They don’t have to make the decision the day after the final grade is recorded They will have at least a couple of weeks to make the decision, to think about it, to talk to advisors, and make a good, informed choice about what to do PHIL WEILER: Craig, I’m glad you talked about the idea of checking with an advisor Because I know that, when Washington State University was contemplating making changes in our grading policy, one of the things we really wanted to do was to make sure we gave students options but also gave them the information they needed to make good choices for themselves So I just want to echo, I think it is important students are thinking about pass/fail or other options It’s definitely advisable to check in with your major advisor and get the information you need, so you can make the best decision for yourself personally With that, I’d like to throw it over to both Mary Jo Gonzalez and Stacy Pearson, and Mary Jo, I’d love to have you again talk about student fees How are student fees set? What are they used for? What’s the decision that we’ve made around student fees? And then also if you could talk about plans around move out MARY JO GONZALES: Absolutely So cougs, I’ve got to tell you how proud I am for you making it We are at the end of the semester, and we know that you’ve done everything you can We did announce yesterday, as we promised, our decision around student fees I do want to provide some context When I was back here in the ’90s, the student recreation fee was on the ballot for discussion And what happened during that time is our students said very loudly and clearly, including me, that we needed additional recreation facilities in order to provide that holistic experience for students And so that fee was passed, and we still are today managing the debt and the services around that facility The other part of that piece is our cougs just very recently passed two very important fees, again, developed, initiated, and voted on by students, and that was the Chinook fee And our undergraduate students absolutely said that facility was important as a part of creating that living room environment for a portion of our campus We also had the media fee which passed very recently which was designed to help our daily newspaper And so I think it’s really important for students to understand that these fees were not driven by the administrative structure It was students who said, we need these There were a group of students who got together and said, as a part of that process, that we want to vote and make sure that that initiative gets through The other part is it’s important to note that students often are a part of the advisory decisions for this We have a Cub Advisory Board, Dining and Dining Rate Setting Committee, as well as our Student Services and Activities Fee Committee who are driven and led by students who make decisions about these fees all the time Some important numbers for our community to know is that about $12.5 million of those fees currently cover debt for the buildings that we have that again are around students and student services On the Pullman campus alone, in our services and activities fee, we have over 100 permanent full-time staff and about 500 student employees who are paid through services and activities fees and who have continued to receive pay during this time And it was because of that and all of the operational costs that are related, including insurance and utilities, even if the buildings aren’t open, that we have made the decision to not refund and reimburse students for Spring 2020 mandatory fees We also know that, because of spring and the employees that we’ll need to maintain in terms of employment but also the services that we will continue to provide online, including things like telehealth and telemedicine, our life fitness classes that are being offered, as well as all of our support for student involvement and our at Center for Civic Engagement All of these critical programs are needed for students, whether they are here with us on all of our campuses or whether they are getting these services remotely And so we want to let you know, we know you’re probably disappointed with the decision, but we absolutely feel that it’s important for us and for the experience for future cougs to maintain those fees and structures I’m going to jump into housing really quickly, and then I’ll hand it over to Stacy, if she wants to add anything to that comment We also know that this is the time of year when we get to do all of those close-out activities, including saying goodbye to you from our housing and residential facilities We’re sorry it is not what you wanted it to be, and we’re going to create it as, just Phil said, with as many options as possible Students who lived in our university-owned apartments and residential halls received communication either last night or this morning, where we outlined a full-month period, from May 5th to May 31st, where students will be able to sign up and do a checkout time for them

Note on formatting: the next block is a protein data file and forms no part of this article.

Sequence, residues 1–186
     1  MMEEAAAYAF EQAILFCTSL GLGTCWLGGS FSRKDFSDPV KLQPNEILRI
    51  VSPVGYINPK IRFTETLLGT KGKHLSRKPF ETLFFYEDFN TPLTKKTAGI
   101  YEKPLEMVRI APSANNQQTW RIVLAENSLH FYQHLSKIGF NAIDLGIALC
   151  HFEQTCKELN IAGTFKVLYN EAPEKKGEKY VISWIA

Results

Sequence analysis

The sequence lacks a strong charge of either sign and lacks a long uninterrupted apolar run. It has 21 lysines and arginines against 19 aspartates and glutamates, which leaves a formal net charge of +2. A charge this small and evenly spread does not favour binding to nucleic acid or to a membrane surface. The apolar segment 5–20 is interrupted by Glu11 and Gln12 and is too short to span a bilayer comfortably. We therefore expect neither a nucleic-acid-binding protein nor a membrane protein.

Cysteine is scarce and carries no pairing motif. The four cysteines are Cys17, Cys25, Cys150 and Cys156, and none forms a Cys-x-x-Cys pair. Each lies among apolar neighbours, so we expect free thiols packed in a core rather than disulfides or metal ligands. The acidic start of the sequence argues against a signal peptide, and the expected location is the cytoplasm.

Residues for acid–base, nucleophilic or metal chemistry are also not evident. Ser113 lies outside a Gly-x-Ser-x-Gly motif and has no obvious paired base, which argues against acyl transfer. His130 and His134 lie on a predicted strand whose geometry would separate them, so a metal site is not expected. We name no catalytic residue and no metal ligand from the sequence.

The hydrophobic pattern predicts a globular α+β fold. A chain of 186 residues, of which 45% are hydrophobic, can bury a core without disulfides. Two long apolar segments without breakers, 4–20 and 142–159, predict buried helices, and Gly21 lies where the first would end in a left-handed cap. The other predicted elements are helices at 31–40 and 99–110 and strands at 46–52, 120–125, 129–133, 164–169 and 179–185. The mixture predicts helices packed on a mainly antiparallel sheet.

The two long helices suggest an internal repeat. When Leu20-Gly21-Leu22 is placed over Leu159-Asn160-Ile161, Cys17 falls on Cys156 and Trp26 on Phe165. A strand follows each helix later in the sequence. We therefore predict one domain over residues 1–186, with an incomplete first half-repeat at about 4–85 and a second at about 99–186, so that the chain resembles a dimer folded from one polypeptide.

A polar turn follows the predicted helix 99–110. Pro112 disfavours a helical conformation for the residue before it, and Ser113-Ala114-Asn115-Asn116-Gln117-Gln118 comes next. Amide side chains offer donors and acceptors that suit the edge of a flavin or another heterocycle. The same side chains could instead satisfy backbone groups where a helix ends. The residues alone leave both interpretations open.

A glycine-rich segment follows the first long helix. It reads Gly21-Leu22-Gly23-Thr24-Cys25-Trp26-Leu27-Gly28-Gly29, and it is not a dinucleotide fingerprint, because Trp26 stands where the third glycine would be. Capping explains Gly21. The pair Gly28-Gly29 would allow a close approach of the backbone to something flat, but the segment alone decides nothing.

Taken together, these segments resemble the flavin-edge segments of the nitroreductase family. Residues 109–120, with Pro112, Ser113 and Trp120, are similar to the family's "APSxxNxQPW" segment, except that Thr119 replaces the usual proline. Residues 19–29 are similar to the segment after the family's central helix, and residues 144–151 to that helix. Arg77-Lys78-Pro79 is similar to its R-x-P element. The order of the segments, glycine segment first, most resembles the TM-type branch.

to move their properties and belongings out We know that students have a variety of situations, and so we wanted to provide that flexibility So you’ll have an opportunity to bring individuals with you to help you move out There are some social distancing and safety considerations that we do want you to adhere to They are outlined in the communication, but I do want to share a few Masks are very important to wear We call it respiratory etiquette Feel free to put coug bling on it I know several of us have that, but please bring masks as you’re moving out Please also know that we won’t be providing cleaning supplies, like we typically do, in order to ensure that we’re not communicating or transmitting COVID-19 amongst each other We’re also asking you to do things like only putting one household in the elevator at a time We will be doing extensive cleaning between all the 8:00 AM to 8:00 PM period, when students will be and their families will be moving out So please know that that is a part of our process as well If you see someone coming behind and spraying, it is just about cleaning the property and making sure We also know that there are students who cannot get here Those of you who are out of state, in California or other states, that have continuing lockdown– not lockdown, sorry, stay home, stay healthy orders– if you can’t get here, we have identified two companies who have offered to help pack and store your items, and that is located on the bottom of the communication So please feel free to reach out, go to housing.wsu.edu, where the information is contained there And Phil, we definitely look forward to any other questions that our students and their families and loved ones may have PHIL WEILER: Great Actually, one question along those lines that we did receive in advance had to do with people who wanted to be able to keep their possessions in their residence hall room, because they were going to be in the same room the next fall Is that something that we can do, or what’s the status of a request like that? Mary Jo, is that something you can answer? MARY JO GONZALES: Yeah, in terms of parking? Phil? PHIL WEILER: No I’m sorry The question was there was a student who had asked if she could keep her possessions in her residence hall during the summer, because she was going to be planning to use that same room next fall MARY JO GONZALES: Sorry, Phil, I was hearing something else As much as we want to do that with students, it’s not something that we can do from a safety consideration standpoint Now, that doesn’t mean we’re not going to work with students and have them– in fact, on the email, there is an individual who is named and identified who actually she can pick up the phone– that student or any student can pick up the phone and call and say, these are the circumstances that I’m facing How can I navigate this move out? Because we know that there isn’t one process that’s going to work for everyone So feel free to check the email Check the name I’m not going to name it publicly I don’t want that person to get a million phone calls But if you have exceptional circumstances, please feel free to reach out and let us know We will help how we can PHIL WEILER: Great, and Mary Jo, I have one last question regarding fees for you Are the fees the same for every campus, or are there different fee structures for different campuses? MARY JO GONZALES: No, Phil, every campus has its own unique fees For example, here on the Pullman campus and our Tri-Cities campus is where we have building fees There are technology fees offered here and on the Vancouver campus, and again, there are a variety of fees depending upon the campuses and their needs So it will look different for every student Feel free to look on your My WSU account They are all identified there and also at our student fees website at WSU PHIL WEILER: Great Thank you, and Stacy, I have a question for you Several people in advance had asked about parking fees Some of our campuses do you have parking passes, and people have a question about what’s the status of those parking passes, and can they get a refund for those? STACY PEARSON: Yes, Phil, thank you, and again, cougs, good job getting through this semester It’s certainly a historical time for all of us So we really appreciate all that you did and all of your sacrifices As it relates to parking, I believe we discussed this in another town hall, just a reminder that you need to contact Parking and Transportation Offices and let them know when you want to cancel your parking, and you will be refunded the remainder of the term that you signed up for So yeah, they’re not automatically being refunded, because some people are still coming to those campuses But all you have to do is go to transportation.wsu.edu on the Pullman campus to take care of those actions And then can’t contact parking on the other campuses